Are you willing to dedicate staff to billing and collections exclusively? Many practices assign billing and collections duties to current staff, often the front desk personnel, who also have to answer the phone, schedule patients, and cover for other staff members. Your staffing model will indicate the priority you are assigning to billing and collections.
Can your staff demonstrate the percentage of money after adjustment by insurance contracts, collected each month? What is the average number of days to collect that money? What percentage of average monthly charges is outstanding in your accounts receivable? Do staff formally report these benchmarks to you each month?
Is your staff trained in the Fair Debt Collection Act? Are your patient data being transmitted according to the security requirements in the Health Information Technology for Clinical and Economic Health Act, Public Law 111-50 (HI-TECH)?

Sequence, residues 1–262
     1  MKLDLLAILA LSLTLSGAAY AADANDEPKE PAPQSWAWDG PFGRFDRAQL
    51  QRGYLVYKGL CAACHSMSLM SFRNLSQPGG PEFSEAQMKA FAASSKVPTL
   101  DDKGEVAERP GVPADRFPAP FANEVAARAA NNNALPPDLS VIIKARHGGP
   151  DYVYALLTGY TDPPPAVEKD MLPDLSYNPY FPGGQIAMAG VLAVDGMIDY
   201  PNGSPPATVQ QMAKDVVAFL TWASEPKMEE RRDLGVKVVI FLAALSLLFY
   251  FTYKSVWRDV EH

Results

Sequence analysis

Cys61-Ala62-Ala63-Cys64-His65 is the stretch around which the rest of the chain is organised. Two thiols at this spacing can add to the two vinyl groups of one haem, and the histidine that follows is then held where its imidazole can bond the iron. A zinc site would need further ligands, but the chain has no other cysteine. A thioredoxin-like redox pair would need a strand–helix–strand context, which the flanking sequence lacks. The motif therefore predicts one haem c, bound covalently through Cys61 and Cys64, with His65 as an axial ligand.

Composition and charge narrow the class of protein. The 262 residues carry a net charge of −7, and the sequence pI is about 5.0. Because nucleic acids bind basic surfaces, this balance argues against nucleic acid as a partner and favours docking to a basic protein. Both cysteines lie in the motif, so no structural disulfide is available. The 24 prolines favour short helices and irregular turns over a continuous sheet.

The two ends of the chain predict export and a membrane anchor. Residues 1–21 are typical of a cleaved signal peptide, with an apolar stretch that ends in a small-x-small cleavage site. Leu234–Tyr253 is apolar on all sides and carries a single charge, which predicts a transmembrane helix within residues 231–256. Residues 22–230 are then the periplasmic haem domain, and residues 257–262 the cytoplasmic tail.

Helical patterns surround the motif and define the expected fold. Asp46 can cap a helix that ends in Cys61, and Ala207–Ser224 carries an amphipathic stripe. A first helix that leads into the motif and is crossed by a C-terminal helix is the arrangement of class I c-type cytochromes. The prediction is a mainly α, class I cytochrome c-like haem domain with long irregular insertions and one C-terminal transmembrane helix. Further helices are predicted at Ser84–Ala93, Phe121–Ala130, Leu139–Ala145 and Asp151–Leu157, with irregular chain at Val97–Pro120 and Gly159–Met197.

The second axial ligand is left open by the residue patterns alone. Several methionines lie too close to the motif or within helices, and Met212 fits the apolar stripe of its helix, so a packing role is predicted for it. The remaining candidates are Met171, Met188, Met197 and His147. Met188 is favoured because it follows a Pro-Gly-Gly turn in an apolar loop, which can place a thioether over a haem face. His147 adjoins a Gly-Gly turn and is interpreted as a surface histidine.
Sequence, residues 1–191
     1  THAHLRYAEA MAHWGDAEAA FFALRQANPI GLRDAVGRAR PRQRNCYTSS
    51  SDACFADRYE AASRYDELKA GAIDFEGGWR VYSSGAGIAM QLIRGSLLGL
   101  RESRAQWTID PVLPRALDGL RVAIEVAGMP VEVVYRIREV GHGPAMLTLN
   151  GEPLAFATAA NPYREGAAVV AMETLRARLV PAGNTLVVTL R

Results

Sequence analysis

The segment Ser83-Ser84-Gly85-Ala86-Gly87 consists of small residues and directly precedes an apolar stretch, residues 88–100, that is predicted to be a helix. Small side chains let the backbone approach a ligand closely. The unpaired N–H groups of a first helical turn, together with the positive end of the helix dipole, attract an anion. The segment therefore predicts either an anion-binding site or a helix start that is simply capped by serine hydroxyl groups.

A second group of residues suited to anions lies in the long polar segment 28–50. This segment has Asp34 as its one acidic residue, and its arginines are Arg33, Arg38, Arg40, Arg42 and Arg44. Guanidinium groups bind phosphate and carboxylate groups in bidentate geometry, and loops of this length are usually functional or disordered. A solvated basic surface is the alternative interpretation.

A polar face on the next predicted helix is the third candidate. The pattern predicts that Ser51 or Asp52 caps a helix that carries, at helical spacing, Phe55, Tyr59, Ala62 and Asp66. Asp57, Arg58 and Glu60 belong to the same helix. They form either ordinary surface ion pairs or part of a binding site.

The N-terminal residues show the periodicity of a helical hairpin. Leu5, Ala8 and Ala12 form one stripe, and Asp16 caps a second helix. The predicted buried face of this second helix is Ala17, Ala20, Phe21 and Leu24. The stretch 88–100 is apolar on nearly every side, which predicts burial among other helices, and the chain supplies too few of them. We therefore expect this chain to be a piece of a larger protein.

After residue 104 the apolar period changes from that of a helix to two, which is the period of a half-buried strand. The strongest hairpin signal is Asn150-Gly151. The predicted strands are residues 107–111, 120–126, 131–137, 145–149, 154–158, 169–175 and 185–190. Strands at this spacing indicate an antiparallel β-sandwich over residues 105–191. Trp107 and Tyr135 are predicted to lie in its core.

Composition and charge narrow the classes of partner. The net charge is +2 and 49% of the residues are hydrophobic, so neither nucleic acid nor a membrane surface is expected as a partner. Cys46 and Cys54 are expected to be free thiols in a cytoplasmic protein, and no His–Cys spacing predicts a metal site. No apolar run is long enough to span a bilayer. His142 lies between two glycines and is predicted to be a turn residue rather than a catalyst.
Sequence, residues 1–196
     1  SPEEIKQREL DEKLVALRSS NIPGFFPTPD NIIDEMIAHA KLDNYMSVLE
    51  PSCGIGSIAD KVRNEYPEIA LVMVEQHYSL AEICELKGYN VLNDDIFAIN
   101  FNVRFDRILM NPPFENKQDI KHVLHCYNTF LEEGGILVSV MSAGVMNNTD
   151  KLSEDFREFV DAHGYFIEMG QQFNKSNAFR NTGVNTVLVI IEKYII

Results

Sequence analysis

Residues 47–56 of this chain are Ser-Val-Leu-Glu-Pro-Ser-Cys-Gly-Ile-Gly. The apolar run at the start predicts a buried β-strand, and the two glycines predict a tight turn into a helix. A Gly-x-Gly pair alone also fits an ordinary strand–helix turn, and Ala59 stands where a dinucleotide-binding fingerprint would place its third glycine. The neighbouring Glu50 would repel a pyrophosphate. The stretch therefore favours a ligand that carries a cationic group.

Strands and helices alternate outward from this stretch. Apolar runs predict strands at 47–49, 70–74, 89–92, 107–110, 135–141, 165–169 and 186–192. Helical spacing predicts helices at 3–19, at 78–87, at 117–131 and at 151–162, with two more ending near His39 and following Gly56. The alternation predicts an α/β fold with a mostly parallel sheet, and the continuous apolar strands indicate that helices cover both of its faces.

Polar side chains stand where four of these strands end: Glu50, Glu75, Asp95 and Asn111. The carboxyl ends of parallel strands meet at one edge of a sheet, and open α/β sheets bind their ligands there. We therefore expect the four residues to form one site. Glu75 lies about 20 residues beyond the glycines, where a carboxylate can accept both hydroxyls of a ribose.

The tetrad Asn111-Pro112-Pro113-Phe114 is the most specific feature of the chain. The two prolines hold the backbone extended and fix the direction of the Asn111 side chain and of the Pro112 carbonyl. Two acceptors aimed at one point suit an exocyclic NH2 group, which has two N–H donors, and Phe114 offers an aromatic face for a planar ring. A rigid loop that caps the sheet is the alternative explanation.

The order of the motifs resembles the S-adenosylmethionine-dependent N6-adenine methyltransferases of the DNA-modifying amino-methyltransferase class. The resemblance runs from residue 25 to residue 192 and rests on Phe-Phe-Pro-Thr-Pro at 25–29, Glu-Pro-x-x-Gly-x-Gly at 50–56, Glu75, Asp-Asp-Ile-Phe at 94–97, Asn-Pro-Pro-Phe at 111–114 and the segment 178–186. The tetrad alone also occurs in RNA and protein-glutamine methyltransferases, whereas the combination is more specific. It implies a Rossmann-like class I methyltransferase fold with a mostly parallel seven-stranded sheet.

Do you have stable staff, experienced in collecting rehabilitation codes? A contingency plan if your in-house biller resigns?
Is there consistent follow-up on unpaid claims?
Are your staff entering charges, filing insurance, and posting payments every day?
Do you have a practice management system that is robust enough to manage the frequent regulatory changes?
Are denials being followed every day, with feedback to clinicians and practice owners regarding non-covered codes?